But they were definitely jealous. We could come and go as we pleased, but their lives were mapped out, and had been for a long time.

Even then I knew I eventually wanted to be a writer or a journalist at some point, and I sit here now with those things as my job description. While Nakasuka is floating on the Bering Sea, still.

Because Americans are free. In our culture, we still make our own paths, rather than having them built for us, as Suka had. Since then, however, Japanese culture has changed somewhat dramatically. The young have more choices and opportunity. Suka missed out on that, but his children likely haven’t.

Because cultures change. Sometimes for the better, sometimes for the worse. What’s important for Americans, however, is to hold on to the one thing that we always hearken to - freedom. But as U.S. culture changes, and freedom becomes more and more attached to wealth, and freedoms become under appreciated, we need to fight to keep our rights as free men.

Was my time as a fisherman a wasted time of a wasted youth? To a point. But it was my choice, my decision, my experience. The pain and the cold and the wet have slowly left my mind, but the memories and lessons remain.

The main lesson was that I’ve been free to do whatever I’ve wanted, just about anywhere I wanted. That was the blessing, and I can only hope that future U.S. generations have the same freedom to have interesting experiences, or even make outlandish mistakes. Because cultures change. And not always for the better.



6 Responses to “Thinking of a Japanese friend on the Bering Sea, and my freedom to leave”

  1. HillCountryGal on February 7th, 2007 4:36 pm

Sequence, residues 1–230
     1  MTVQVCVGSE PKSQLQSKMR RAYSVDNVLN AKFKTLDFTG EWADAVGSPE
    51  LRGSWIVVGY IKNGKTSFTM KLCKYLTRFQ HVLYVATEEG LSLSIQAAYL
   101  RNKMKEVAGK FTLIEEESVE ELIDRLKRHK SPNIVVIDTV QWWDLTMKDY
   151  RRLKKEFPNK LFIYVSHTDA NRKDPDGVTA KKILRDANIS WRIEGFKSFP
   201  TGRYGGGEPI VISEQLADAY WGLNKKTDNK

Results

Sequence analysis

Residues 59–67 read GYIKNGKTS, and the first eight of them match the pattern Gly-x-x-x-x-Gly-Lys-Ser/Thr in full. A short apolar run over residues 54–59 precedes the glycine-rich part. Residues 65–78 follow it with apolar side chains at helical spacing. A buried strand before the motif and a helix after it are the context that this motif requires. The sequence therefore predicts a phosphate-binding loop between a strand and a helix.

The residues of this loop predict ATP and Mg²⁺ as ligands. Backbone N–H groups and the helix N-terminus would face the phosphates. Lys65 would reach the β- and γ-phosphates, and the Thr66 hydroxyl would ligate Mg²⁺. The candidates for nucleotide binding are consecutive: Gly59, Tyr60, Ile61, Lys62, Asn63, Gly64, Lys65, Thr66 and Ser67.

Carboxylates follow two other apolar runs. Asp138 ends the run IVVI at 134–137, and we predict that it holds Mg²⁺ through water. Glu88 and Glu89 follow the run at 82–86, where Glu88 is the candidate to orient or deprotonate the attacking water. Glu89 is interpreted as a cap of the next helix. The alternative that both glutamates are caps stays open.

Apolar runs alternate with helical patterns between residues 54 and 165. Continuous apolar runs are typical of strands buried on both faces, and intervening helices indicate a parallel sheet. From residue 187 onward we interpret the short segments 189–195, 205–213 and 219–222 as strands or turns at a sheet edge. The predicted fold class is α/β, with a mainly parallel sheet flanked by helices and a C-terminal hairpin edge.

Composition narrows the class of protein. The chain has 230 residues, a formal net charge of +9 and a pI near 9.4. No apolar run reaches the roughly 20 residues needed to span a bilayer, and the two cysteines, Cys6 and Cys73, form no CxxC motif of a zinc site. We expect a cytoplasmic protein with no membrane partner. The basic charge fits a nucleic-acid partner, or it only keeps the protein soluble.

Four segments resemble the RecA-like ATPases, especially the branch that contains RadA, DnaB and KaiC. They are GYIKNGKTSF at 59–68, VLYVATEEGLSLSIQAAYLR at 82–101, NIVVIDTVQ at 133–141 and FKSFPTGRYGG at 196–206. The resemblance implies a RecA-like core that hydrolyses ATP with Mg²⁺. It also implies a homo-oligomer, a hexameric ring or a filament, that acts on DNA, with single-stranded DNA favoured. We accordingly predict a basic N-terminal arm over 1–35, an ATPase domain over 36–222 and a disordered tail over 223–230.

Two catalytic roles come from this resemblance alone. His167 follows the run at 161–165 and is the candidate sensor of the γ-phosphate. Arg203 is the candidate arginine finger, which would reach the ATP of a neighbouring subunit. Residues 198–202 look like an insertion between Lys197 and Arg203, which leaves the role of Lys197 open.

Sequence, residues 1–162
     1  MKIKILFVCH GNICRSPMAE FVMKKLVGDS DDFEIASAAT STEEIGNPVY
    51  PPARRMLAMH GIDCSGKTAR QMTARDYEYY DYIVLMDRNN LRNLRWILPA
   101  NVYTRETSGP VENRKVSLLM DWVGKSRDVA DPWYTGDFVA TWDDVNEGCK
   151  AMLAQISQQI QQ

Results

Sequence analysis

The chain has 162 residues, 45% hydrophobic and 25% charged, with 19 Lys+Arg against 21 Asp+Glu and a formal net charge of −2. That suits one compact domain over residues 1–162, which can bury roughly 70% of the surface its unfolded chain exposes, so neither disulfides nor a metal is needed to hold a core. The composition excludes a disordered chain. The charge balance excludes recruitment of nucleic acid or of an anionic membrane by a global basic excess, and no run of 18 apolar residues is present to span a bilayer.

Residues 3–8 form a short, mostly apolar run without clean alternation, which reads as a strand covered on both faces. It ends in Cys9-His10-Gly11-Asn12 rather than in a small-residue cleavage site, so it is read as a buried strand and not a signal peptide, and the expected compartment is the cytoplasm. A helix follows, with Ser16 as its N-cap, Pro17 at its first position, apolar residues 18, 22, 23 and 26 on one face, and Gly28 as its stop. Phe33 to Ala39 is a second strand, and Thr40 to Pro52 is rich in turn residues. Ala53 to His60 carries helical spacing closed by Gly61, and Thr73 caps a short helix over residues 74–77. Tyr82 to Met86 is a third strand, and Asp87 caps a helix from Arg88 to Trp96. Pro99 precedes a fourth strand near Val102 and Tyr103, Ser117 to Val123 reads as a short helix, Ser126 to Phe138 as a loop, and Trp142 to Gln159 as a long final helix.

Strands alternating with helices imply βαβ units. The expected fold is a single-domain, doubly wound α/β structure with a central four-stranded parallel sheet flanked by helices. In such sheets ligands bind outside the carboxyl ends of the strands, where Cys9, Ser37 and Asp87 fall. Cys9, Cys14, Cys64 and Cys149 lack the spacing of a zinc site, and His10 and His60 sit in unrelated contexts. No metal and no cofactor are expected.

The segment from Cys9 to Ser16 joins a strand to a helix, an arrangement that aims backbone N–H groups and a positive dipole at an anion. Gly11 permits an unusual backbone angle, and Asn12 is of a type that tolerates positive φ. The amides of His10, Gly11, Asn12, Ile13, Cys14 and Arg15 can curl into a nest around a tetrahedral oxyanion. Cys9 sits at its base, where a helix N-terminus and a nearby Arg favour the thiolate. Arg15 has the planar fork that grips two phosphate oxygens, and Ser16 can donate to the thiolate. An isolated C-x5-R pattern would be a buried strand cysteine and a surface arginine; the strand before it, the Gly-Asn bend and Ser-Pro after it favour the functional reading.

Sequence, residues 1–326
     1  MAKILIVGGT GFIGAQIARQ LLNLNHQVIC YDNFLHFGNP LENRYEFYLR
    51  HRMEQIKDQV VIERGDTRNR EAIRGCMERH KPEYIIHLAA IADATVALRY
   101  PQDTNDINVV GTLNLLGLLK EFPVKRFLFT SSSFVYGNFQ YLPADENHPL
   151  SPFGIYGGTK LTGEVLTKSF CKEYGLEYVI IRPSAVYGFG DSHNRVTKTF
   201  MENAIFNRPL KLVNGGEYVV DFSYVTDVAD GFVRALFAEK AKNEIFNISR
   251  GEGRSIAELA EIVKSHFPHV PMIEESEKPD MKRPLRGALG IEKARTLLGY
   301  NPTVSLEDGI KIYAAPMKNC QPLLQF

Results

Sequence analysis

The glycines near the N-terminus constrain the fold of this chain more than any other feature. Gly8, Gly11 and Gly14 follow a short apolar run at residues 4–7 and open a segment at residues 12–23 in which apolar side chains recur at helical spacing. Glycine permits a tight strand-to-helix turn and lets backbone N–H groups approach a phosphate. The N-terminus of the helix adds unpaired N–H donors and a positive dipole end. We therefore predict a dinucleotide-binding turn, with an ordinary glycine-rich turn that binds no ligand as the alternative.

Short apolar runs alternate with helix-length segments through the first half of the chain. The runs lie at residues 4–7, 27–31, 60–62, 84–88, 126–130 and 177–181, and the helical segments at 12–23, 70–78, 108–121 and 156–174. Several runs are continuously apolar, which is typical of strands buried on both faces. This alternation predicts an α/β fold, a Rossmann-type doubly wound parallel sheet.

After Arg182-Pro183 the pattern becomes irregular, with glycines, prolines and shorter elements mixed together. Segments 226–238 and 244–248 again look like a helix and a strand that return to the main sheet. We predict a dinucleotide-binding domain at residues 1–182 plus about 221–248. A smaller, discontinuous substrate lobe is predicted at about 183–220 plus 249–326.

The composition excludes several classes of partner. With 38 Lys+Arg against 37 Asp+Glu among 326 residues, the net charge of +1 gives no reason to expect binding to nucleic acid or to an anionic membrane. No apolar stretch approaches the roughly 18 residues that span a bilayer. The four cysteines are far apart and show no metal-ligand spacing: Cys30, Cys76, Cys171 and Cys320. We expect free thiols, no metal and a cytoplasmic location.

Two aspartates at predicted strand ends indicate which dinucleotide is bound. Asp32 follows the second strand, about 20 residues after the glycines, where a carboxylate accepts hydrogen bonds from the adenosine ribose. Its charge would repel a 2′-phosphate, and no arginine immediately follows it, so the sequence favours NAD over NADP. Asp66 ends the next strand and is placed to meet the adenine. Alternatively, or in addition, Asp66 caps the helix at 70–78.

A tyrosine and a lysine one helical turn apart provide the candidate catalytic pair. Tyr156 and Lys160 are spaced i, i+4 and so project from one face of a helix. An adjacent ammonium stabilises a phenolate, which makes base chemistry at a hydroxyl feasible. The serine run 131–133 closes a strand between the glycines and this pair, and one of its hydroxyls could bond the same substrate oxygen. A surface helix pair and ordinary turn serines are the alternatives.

This is stunning in beauty.
    I saw your comment at C&L, and am glad I clicked on your blue homepage thingie.
    Nice to meet you.

  2. William K. Wolfrum on February 8th, 2007 12:49 am

    Thank you very much, Gal. I truly appreciate the kind words. And here I was about to go to the Dr. to get my blue homepage thingie checked out. ;)

    Seriously, glad you came by.


  3. Get to know Bill, Part 4: I froze my piñata off in Alaska at Shakesville on June 11th, 2007 2:18 pm

    [...] But it was being cold that ultimately got to enroll at the University of Alaska Anchorage. I was finishing what was my final tour of duty on a longliner in the Bering Sea. Freezing, tired and 28, it finally occurred to me that being a fisherman was not really the plan I had for my life. [...]

  4. Hack on July 8th, 2009 11:11 pm

    You’re a deep well William. Nice piece.

  5. Samantha on July 8th, 2009 11:15 pm

    Good that you’ve been able to achieve some of your goals. Let’s hope Suka finds his peace someday too.
    Complicated world out there.

  6. Wolfrum Chronicled, 1 « Politics « William K. Wolfrum Chronicles on May 20th, 2013 7:07 am

    [...] something I wrote about him in 2007: I spent a good chunk of my twenties as a commercial fisherman in Alaska. It’s one of those [...]